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SF/F fans and kids - The Phantom Librarian
Spewing out too many words since November 2003
fernwithy
fernwithy
SF/F fans and kids
What is it with SF/F fans and kids?

Honestly, I was just Wiki-surfing around and ended up looking at the entry on Ke Hey Quan (Short Round from IJ) and it linked to an article talking about how the presence of an "annoying kid" was what made ToD the weakest episode. I remember when TPM came out, people whining at the top of their lungs about having a kid in SW as well, and it seems to be relatively common thing--"Ick! Kid!"

Personally, I liked the Indy-Short Round relationship, and thought it added something to Indy to have him invested in a kid's life. It made sense with the subsequent revelation about how badly he got along with his own father. But even assuming you don't like that aspect of Indy as Indy... what's the deal with the hatred of the concept of a kid on screen? This makes no sense. People honestly don't appear full grown at eighteen and retreat from life, adopting a wizened mentor role, when the gray hairs start to come in.
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Comments
rabidsamfan From: rabidsamfan Date: July 1st, 2006 11:18 pm (UTC) (Link)
I liked Short Round. In fact, I liked him a lot better than the girl, whose name I can't remember and whose presence I could have done happily without...

*shrug*
sea_thoughts From: sea_thoughts Date: July 2nd, 2006 12:07 am (UTC) (Link)
I liked Short Round, too. He was a smart, sassy kid, and a great deal more bearable than Willie. Anakin, on the other hand, was written poorly (because GL wrote the script, unfortunately). His actor wasn't too bad but he wasn't given much to work with.

I think the problem is that most (but not all) of the time, child characters tend to be irritatingly written, with the script writers relying on the cuteness of the actors to carry the character. It's rare that you have a child written well (ET is an honorable exception). And SF/F fans tend to be men, generally single men, who don't interact with kids and prefer to avoid them. I'm not saying all SF/F fans are men, nor are all single men child haters, but I've seen the tendency.

Feel free to pull this apart, Fern. ^^
sixth_light From: sixth_light Date: July 2nd, 2006 12:20 am (UTC) (Link)
I'll completely agree on the writing part; the problem is not children, the problem is that the children are usually completely unlike kids in real life, and sickeningly sweet to boot. When a child is in there exclusively to make you go "awwww", it's just...irritating. Well-written kids, on the other hand, are wonderful. I was particularly impressed by the four-year-old in Superman Returns, who was both integral to the story and not annoying. More kids like that, please.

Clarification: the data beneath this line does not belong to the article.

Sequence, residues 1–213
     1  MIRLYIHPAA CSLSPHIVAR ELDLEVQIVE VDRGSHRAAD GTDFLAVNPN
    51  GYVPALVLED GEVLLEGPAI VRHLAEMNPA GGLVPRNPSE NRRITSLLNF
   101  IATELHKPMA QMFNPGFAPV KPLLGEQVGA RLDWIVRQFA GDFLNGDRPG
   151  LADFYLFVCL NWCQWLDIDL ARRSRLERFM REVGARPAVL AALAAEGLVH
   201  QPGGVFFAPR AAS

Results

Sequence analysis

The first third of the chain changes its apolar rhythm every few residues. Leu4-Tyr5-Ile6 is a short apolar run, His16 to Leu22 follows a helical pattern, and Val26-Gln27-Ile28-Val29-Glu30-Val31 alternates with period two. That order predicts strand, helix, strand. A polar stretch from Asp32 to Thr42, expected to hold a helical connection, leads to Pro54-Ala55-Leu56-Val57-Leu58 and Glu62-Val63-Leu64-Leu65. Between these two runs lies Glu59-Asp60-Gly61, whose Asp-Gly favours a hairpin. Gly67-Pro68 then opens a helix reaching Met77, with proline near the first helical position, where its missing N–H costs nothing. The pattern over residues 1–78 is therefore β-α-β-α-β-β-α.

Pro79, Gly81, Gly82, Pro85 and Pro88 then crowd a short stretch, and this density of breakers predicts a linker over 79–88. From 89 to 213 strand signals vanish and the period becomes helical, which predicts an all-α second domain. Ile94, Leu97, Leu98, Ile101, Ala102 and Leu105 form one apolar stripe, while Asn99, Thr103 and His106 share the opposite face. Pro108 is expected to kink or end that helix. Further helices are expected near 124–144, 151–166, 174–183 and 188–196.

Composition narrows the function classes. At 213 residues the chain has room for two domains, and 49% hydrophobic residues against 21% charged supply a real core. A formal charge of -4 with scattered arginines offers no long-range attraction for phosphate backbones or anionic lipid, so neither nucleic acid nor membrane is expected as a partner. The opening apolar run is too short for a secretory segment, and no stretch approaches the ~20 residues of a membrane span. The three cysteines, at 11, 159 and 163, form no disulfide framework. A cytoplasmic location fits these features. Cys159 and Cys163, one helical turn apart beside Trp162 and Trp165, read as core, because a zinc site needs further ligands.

lilacsigil From: lilacsigil Date: July 2nd, 2006 01:08 am (UTC) (Link)
Short Round was awesome! I think the problem is not "Ew! Kids!" so much as the entirely reasonable expectation that the screenwriter is using the presence of a child as a shortcut to character development in the main character/s. Also, the kid so rarely acts like an actual person that they come off as slightly creepy. I have the same reaction to the love interest 25-year-old supermodel nuclear physicist types - again, the screenwriters rarely bother to invest them with any actual character.

Anakin had a somewhat different role in the plot, although the writing was still dreadful, so he gets a pass from me.
ani_bester From: ani_bester Date: July 2nd, 2006 01:11 am (UTC) (Link)
OH my goodness! Who doens't like Short Round? He was adorable in that movie.

But, I think so many movies use kids as kinda cheap sentimentality factor that some people have a knee jerk reaction to seeing them "butt in" on their favorite characters. Sometimes they can be their for "the cute" and not much else.

It depends on the kid for me.
Short Round I like, but well Yulie in Samuria Trooper, I usually want to pound into the ground.

"The Kid" is kinda like "The Girl"
I love the girl if she as a brain.
If she's just there to make the scenery look prettier, I wish she'd go away. Same with "The Kid" If they've got a personality and a point beyound "Some studio head felt a kid would bring in more money" that's fine.

If not .. irritating as hell!

Funny you should post this as I was writing something on "The Girl" in ation movies (ok specifically the A-Team, but guy type movies in general)